2016 Flotsam and Jetsam interview with Eric AK Knutson
Arizona’s Flotsam and Jetsam have long been one of thrash metal’s underrated bands. The group’s first two albums, Doomsday for the Deceiver (1986) and No Place for Disgrace (1988) are influential thrash masterpieces. Despite that, the band is more often remembered for their original bassist, Jason Newsted, leaving to join Metallica. This spring, Flotsam and Jetsam celebrates its 35th anniversary, and releases its twelfth slab of triturating metal. Metalholic recently caught up with vocalist Eric “AK” Knutson to talk about the new self-titled record, as well as taking a look back at the band’s debut album which turns 30 this year.
Flotsam and Jetsam evolved in fits and starts in Phoenix back in 1981. Knutson signed on early and is the only member of the band to appear on every record. Guitarist Michael Gilbert has also been around since the band’s debut record, but he took a decade long hiatus at the turn of the century. With the new record, due out May 20 on AFM records, Knutson and Gilbert are joined by one-time member, guitarist Michael Spencer, and new members Steve Conley and drummer Jason Bittner (Shadows Fall). Knutson talked about Spencer’s return to the band as well as the newest members:
“There’s a couple of songs on there that Spencer wrote for No Place [for Disgrace] back in the 80s that never made it to the record that we kid of revamped and put on this new one. The remaining songs were half Steve Conley and half Mike Gilbert so they put a lot of input into this new record. Bittner’s drumming just brought everything up to the next life level from where it was when we wrote everything. He’s really been a huge addition.”
The new album is arguably the band’s strongest since their early years. Many of the tracks have a feel that harks to the band’s 80’s albums, yet still maintain a strong modern foundation. The direction of the record developed partly in the studio, but the guys also had some idea of where they wanted to go with it as well.
“We’d been talking about going a little more old school with the writing for a couple of years now,” offered Knutson. “Actually right after Ugly Noise came out we started talking about maybe we should start listening to some older school stuff and kind of head that direction. Then once Spencer, Bittner and Conley got a hold of the writing process it kind of just naturally went that way.”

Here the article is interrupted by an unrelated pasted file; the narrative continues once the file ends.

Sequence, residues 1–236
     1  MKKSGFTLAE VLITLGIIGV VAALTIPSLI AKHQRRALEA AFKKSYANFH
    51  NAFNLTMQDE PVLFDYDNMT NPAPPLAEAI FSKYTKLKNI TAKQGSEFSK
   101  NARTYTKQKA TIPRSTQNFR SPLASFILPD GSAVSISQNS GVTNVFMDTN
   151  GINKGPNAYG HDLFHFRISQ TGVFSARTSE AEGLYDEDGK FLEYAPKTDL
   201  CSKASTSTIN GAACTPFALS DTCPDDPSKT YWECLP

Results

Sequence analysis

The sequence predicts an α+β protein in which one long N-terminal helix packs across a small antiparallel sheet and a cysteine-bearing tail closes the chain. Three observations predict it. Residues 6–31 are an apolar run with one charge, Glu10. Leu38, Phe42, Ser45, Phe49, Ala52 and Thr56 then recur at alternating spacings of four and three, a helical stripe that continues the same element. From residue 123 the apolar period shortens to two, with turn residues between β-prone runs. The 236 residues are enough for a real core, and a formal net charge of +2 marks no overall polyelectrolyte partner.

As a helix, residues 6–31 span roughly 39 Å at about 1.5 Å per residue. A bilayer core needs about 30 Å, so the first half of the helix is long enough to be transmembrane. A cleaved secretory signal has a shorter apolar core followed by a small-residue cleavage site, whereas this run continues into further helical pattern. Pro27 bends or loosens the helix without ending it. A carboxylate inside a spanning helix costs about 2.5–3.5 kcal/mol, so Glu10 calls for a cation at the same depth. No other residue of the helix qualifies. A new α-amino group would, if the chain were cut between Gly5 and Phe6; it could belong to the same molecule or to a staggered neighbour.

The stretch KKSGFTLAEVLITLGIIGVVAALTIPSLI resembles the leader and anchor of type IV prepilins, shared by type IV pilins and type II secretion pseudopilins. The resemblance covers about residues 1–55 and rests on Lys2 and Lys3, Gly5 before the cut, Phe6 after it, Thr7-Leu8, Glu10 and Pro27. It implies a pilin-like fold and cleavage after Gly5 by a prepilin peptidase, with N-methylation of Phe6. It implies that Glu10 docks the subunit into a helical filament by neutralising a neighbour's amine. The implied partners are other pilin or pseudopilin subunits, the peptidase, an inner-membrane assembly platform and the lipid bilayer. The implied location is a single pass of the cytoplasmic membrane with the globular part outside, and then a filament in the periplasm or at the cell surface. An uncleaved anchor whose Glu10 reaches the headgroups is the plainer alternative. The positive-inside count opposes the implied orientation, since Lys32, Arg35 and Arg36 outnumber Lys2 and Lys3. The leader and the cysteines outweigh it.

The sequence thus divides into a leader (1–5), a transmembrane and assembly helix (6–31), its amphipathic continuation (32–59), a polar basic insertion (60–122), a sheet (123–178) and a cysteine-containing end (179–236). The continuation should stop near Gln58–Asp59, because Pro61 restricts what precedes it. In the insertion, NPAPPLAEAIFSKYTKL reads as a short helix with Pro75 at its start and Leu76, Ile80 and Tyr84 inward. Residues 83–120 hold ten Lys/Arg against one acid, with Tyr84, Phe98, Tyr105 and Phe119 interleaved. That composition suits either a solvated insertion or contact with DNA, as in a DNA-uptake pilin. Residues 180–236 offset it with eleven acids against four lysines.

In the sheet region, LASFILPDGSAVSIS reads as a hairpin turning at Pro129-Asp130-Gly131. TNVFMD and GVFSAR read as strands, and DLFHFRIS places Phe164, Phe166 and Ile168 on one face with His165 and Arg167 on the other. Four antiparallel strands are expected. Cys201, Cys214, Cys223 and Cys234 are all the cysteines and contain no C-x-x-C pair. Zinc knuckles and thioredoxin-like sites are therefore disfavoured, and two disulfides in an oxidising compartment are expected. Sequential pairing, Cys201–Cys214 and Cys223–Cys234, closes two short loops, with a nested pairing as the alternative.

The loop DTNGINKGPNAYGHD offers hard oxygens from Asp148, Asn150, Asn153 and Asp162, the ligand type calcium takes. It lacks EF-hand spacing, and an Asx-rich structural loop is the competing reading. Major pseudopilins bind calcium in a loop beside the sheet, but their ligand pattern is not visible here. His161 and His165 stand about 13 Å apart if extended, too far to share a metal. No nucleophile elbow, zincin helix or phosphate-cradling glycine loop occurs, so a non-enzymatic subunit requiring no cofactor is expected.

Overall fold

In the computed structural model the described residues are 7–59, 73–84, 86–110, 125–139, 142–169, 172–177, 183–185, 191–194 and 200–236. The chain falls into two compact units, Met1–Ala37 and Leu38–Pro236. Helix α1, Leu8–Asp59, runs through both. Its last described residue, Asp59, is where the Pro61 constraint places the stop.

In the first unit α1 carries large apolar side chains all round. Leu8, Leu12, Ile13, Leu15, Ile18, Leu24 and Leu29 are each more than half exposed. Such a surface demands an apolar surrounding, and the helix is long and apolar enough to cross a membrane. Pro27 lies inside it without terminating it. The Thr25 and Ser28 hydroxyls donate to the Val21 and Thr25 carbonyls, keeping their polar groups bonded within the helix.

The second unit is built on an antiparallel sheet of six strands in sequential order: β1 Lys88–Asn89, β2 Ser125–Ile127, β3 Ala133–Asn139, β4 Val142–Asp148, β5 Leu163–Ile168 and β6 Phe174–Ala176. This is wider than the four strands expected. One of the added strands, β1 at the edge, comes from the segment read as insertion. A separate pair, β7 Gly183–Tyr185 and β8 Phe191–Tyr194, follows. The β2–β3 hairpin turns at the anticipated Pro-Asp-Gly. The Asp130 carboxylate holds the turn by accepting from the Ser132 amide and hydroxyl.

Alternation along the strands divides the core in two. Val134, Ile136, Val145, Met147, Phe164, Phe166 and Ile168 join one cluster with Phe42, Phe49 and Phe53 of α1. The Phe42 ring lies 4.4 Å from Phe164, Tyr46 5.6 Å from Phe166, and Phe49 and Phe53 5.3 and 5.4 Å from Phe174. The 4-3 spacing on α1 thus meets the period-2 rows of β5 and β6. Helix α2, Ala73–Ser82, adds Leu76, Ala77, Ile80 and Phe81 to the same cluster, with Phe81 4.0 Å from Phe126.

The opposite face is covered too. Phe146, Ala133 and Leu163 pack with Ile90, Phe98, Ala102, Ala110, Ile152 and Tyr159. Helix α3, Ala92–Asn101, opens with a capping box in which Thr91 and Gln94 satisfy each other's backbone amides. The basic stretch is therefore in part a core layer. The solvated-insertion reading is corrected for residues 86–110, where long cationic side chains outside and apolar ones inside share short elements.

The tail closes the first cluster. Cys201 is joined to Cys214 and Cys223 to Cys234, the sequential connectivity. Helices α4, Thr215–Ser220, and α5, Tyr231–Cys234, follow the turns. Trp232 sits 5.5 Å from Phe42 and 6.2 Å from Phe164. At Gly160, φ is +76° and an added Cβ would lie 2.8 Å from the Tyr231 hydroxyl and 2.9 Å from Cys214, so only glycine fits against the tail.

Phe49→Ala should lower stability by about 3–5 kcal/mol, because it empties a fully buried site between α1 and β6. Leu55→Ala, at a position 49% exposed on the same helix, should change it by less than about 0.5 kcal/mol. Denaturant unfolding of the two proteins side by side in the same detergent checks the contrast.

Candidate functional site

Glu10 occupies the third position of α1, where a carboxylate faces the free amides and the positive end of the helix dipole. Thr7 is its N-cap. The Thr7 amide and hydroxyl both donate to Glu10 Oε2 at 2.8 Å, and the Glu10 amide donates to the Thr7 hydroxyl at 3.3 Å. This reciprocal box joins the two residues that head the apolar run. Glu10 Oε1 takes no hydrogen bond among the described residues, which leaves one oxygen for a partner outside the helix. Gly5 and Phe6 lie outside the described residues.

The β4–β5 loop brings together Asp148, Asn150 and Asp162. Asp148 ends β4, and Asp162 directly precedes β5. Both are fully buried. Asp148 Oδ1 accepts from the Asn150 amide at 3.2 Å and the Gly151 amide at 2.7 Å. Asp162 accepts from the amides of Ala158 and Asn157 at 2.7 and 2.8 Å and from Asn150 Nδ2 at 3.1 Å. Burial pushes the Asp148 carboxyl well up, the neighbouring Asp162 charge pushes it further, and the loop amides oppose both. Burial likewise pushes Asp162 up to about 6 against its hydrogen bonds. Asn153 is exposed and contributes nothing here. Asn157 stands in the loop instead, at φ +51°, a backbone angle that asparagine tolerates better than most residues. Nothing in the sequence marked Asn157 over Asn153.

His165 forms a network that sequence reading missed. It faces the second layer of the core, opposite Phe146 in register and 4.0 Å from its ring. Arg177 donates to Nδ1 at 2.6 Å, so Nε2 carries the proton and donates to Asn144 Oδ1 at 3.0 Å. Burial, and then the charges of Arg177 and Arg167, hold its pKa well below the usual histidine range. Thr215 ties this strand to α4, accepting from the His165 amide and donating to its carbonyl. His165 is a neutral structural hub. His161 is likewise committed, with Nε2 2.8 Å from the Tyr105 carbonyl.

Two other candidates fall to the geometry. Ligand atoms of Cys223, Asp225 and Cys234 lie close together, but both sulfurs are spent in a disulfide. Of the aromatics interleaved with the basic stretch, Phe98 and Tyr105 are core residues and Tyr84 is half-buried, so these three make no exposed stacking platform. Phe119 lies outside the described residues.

Flotsam and Jetsam released one of thrash’s iconic albums with Doomsday for the Deceiver, 30 years ago in 1986. It marks the only album bassist Jason Newsted recorded with the band before departing to join Metallica. We asked Knutson what he remembers about making that first record:
“Wow. My head was in the clouds back then. I thought I was going to be Steven Tyler or Michael Jackson or somebody. I just thought I was going to be huge. We had an album deal. We were in Hollywood recording. I was just on top of the world. I really don’t remember most of it. (Laughs) I remember Newsted getting arrested and us sitting at the West Hollywood jail waiting for him to get out. I remember almost all the vocal sessions from the first record, but a lot of it is just a party blur. We had a bunch of our friends with us out there and we were just living it up. I think it was kind of our downfall. We should have paid more attention to the business end of things and the producing end of things, and we kind of just went and did our own thing and left everything else to everybody else. So looking back I wish I would have paid a little more attention to my own career, but those were some good, good times back then. You could do anything and get away with it. It was just drug after drug and woman after woman and alcohol after alcohol, and you didn’t have to worry about what was going to happen tomorrow. Now of course everybody realizes how dangerous all that crap is.”
You can listen to the full interview with Eric AK below as he chats about some of the songs on the record, including the ones that resurfaced in new form from the 80s. He chats about album sequencing and the current state of the music industry, as well as the band’s homage to Iron Maiden. You can also read our review of Flotsam and Jetsam here.